The Shot Nurse meningitis Untitled Document
  

Meningococcal Vaccines Recommended for Preteens and Teens

All 11 to 12 year olds should be vaccinated with a single dose of a quadrivalent meningococcal conjugate vaccine. A booster dose is recommended at age 16 so teens continue to have protection during the ages when they are at highest risk of meningococcal disease. This vaccine helps protect against serogroups A, C, W, and Y, but not serogroup B.

Teens and young adults (16 through 23 year olds) may also be vaccinated with a serogroup B meningococcal vaccine, preferably at 16 through 18 years old. Two or three doses of a serogroup B meningococcal vaccine are needed, depending on the brand, and the same brand must be used for all doses.

Meningitis Vaccine: What you need to know

Meningococcal disease is a serious illness, caused by a virus or several types of bacteria. It is the leading cause of bacterial meningitis in children 2-18 years old in the United States. Meningitis is an infection of the brain and spinal cord coverings. Meningococcal disease can also infect the bloodstream very quickly and death can occur within 12 hours of onset of symptoms.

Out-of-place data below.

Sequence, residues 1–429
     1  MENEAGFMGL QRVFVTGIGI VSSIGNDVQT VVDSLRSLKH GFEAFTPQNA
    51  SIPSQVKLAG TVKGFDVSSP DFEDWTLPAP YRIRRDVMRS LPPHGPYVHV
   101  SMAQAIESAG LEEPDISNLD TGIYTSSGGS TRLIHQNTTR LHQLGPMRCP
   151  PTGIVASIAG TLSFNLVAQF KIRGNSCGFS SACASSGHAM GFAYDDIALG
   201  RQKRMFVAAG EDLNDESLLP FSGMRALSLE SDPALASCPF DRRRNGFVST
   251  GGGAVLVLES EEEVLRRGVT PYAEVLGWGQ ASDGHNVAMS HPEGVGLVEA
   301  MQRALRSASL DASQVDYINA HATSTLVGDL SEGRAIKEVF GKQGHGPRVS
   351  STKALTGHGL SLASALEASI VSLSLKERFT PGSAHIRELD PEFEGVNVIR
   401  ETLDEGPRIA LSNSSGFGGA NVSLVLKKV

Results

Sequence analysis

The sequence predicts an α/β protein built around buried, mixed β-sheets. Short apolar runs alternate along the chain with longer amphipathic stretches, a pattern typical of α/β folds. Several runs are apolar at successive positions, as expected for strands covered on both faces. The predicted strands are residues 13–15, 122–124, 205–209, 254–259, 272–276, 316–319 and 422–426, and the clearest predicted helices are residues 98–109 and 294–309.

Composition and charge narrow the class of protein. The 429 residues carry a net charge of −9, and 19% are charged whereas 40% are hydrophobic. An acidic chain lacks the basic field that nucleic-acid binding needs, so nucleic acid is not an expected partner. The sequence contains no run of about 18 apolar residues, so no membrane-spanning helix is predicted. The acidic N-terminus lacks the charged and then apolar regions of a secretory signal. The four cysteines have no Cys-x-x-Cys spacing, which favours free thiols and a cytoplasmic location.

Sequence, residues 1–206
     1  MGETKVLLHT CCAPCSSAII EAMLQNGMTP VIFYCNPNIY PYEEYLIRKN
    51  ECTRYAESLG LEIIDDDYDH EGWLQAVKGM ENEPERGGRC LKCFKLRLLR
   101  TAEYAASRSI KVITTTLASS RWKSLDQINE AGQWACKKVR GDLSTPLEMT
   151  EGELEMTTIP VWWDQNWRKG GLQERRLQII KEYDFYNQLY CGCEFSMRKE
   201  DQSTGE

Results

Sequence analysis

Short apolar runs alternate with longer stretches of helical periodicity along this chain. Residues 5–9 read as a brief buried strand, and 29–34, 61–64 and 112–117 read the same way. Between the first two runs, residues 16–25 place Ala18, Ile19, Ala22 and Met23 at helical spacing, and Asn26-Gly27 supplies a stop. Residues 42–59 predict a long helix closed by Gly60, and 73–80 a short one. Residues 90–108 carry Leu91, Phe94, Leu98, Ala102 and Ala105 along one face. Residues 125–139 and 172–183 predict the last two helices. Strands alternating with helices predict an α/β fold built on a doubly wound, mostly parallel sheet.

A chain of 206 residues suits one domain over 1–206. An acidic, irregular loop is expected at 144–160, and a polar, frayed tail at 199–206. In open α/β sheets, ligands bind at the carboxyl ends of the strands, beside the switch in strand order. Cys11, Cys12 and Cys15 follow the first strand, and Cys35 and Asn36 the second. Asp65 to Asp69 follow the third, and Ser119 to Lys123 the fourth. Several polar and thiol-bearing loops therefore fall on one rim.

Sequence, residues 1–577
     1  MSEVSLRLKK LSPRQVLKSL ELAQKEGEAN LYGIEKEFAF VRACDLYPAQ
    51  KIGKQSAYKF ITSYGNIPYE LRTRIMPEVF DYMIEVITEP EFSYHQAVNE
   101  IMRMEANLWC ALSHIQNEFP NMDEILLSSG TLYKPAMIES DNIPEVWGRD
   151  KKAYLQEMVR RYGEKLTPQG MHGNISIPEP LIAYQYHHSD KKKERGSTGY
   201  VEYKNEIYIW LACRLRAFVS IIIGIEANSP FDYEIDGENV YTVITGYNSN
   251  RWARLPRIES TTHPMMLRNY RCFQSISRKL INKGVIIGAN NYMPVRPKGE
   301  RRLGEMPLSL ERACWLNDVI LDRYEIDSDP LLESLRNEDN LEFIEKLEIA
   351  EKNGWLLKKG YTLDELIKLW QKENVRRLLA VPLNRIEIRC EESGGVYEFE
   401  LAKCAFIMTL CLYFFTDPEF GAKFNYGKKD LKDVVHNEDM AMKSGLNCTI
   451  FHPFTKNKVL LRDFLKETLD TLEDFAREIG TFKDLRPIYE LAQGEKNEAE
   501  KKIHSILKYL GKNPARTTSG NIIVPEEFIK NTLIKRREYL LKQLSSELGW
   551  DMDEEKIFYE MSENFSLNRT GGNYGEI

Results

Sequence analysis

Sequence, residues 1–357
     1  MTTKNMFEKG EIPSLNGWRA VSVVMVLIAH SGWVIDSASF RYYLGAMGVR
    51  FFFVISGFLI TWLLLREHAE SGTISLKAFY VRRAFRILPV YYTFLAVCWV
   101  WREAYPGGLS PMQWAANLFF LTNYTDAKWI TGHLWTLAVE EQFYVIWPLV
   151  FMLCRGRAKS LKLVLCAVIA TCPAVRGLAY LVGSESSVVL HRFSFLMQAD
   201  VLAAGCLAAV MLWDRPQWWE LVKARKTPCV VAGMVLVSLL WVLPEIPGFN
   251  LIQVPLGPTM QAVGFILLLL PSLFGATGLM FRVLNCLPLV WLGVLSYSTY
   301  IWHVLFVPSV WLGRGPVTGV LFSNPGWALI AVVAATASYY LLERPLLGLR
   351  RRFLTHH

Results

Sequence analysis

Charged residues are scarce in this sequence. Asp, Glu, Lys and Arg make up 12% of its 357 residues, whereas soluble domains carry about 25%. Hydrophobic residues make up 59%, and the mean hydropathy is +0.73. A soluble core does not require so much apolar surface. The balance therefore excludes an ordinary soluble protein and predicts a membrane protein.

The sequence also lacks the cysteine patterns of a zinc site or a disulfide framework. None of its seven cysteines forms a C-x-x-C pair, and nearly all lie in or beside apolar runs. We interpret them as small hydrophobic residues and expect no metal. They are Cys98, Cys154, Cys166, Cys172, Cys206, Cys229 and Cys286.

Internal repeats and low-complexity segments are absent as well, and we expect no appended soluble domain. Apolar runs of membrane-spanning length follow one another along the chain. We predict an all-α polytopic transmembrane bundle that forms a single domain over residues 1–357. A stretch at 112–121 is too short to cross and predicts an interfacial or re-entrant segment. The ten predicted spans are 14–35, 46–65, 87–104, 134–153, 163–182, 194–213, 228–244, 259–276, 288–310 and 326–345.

• Symptoms of meningitis are often mistaken for the flu
  • Meningococcal infection can be caused by kissing, sharing cigarettes, food, beverages, eating utensils and lip-gloss or close contact (approximately 4 hrs) with an infected person
  • Poor nutrition, lack of sleep, smoking and alcohol consumption cause your immune system to be weakened
  • Those who survive blood infection usually have permanent disabilities such as seizures, loss of arms and/or legs, kidney disease, deafness and/ or mental retardation

Who should get the Meningococcal ACY-W Vaccination?

  • All 11 to 12 year olds
  • All College Freshmen
  • Children and adults without a spleen
  • Those with HIV/AIDS, or other immune disorders
  • Travelers to certain countries (see Travel Vaccines for requirements & recommendations
  • U.S. Military recruits
  • Those with HIV/AIDS, other immune disorders
  • People who might be affected during an outbreak of certain types of meningococcal disease

Who should get the Meningococcal B Vaccination?

  • Teens and young adults 16 to 23 years old
  • Children age 10 years and older with functional or anatomic asplenia, including sickle cell disease
  • Those who are at risk during a community outbreak
  • Meningococcal B vaccine may be given at same time as MenACY-W vaccine

Visit the CDC website to learn more about the vaccination and meningitis.